New Release: Ólafur Arnalds’ “re:member”

Pulse, pattern, and expansive, ambient soundscapes blend into an intoxicating brew on re:member, an album released last August by Icelandic composer Ólafur Arnalds (b. 1986).

In an earlier post, we explored the similarities between the gradual, hypnotic inevitability of Arnalds’ looping patterns and the music of minimalist composers like Steve Reich. Here, Arnalds takes the leap into a brave new world of computer-influenced composition. The music of re:member was written using Stratus, a new software program the composer helped develop in which the notes played on a regular piano trigger an array of new notes played by two “self-playing, semi-generative player pianos.” The idea of music self-generated by algorithms may seem somewhat ominous considering the kind of utopian/dystopian (take your pick) future outlined in Ray Kurzweil’s 2005 book, The Singularity Is Near: When Humans Transcend Biology. Yet, listening to this serenely atmospheric music, one senses that it is still ultimately guided by the composer.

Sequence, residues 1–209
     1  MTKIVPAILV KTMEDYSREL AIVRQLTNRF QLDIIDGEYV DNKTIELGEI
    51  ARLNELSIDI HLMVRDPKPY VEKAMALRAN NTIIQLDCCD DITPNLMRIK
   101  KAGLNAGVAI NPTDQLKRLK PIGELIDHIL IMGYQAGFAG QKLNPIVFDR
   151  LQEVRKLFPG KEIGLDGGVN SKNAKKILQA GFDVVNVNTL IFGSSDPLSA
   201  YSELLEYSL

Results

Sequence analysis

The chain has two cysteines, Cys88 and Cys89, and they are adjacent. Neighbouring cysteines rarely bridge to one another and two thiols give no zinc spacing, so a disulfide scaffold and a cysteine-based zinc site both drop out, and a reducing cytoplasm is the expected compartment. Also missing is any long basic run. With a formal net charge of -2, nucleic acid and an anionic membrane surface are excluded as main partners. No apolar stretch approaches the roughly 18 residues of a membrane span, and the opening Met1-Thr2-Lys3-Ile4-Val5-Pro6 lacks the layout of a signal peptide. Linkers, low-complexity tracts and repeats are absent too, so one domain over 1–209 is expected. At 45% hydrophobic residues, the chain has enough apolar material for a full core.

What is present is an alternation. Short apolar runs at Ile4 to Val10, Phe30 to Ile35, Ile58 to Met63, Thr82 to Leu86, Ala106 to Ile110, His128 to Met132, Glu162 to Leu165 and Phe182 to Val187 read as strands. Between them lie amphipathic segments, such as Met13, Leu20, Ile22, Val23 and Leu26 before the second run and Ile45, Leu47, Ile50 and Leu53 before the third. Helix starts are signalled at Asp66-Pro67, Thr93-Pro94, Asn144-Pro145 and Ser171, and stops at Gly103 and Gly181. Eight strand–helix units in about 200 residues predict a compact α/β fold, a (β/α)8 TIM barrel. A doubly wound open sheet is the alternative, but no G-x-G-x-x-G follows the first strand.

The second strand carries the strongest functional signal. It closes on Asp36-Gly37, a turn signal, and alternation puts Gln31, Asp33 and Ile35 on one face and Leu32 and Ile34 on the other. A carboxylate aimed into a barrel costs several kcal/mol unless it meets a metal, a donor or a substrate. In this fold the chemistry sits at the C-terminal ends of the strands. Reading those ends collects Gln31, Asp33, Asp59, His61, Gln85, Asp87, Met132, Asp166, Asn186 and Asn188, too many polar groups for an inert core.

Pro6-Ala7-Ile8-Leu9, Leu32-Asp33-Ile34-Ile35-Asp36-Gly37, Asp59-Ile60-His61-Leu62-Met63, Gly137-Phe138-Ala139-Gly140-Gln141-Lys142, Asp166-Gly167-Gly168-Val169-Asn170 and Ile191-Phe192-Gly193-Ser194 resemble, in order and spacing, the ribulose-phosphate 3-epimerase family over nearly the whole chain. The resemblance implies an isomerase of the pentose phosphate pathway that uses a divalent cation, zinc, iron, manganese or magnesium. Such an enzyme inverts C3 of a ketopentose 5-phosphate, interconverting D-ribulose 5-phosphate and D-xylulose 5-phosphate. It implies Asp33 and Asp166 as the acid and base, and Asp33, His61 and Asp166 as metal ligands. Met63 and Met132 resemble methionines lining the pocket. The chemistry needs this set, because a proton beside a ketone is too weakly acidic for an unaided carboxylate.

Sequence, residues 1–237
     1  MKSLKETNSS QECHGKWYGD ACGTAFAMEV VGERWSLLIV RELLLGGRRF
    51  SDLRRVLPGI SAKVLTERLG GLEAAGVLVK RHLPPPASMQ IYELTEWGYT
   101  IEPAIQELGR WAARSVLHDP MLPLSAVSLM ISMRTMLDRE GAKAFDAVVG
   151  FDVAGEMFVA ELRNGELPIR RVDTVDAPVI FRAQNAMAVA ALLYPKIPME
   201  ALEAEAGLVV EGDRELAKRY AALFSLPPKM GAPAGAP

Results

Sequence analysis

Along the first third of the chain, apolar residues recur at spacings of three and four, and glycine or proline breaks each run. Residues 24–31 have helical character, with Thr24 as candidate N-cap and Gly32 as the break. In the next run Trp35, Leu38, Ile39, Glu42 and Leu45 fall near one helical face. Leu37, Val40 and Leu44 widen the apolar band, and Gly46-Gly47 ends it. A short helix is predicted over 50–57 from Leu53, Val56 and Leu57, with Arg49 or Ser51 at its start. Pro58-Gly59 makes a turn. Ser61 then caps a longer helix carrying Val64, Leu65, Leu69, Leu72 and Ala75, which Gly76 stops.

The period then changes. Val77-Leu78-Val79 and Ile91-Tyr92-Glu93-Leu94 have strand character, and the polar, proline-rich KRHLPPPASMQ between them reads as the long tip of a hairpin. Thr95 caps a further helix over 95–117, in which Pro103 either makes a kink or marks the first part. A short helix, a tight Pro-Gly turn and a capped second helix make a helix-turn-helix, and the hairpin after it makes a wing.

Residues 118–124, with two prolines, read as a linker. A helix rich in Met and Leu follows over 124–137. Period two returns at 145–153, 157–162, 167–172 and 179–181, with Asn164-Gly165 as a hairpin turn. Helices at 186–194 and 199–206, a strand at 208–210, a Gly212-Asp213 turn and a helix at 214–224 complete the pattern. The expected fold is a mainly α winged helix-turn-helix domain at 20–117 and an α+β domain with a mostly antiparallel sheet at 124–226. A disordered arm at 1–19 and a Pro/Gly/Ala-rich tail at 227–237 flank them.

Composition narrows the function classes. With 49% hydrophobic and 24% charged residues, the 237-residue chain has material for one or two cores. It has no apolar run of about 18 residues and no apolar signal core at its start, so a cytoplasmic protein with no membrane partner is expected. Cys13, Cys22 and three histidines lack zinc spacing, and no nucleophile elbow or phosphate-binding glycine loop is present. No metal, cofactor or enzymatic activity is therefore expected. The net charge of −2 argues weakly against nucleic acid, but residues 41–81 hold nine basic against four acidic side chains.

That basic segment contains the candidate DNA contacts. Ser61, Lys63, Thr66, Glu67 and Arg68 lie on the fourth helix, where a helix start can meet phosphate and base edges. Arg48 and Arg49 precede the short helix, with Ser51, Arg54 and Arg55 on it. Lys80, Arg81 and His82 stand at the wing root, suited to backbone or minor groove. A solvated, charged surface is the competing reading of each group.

The album’s eleventh track, ekki hugsa, is built on an infectious rhythmic groove. As with the endlessly-repeating chorus of a pop song, the music is always arriving, locking us into an ever-euphoric present moment. Listen to the way this underlying groove develops, gradually intensifies, and then evaporates- something akin to the visceral experience you might get on the techno dance floor.

Something similar happens in the album’s haunting tenth track, undir. As each new layer emerges and evolves, listen to the bubbling sense of rhythmic interplay:

Recordings

About Timothy Judd

A native of Upstate New York, Timothy Judd has been a member of the Richmond Symphony violin section since 2001. He is a graduate of the Eastman School of Music where he earned the degrees Bachelor of Music and Master of Music, studying with world renowned Ukrainian-American violinist Oleh Krysa.

The son of public school music educators, Timothy Judd began violin lessons at the age of four through Eastman’s Community Education Division. He was a student of Anastasia Jempelis, one of the earliest champions of the Suzuki method in the United States.

A passionate teacher, Mr. Judd has maintained a private violin studio in the Richmond area since 2002 and has been active coaching chamber music and numerous youth orchestra sectionals.

In his free time, Timothy Judd enjoys working out with Richmond’s popular SEAL Team Physical Training program.

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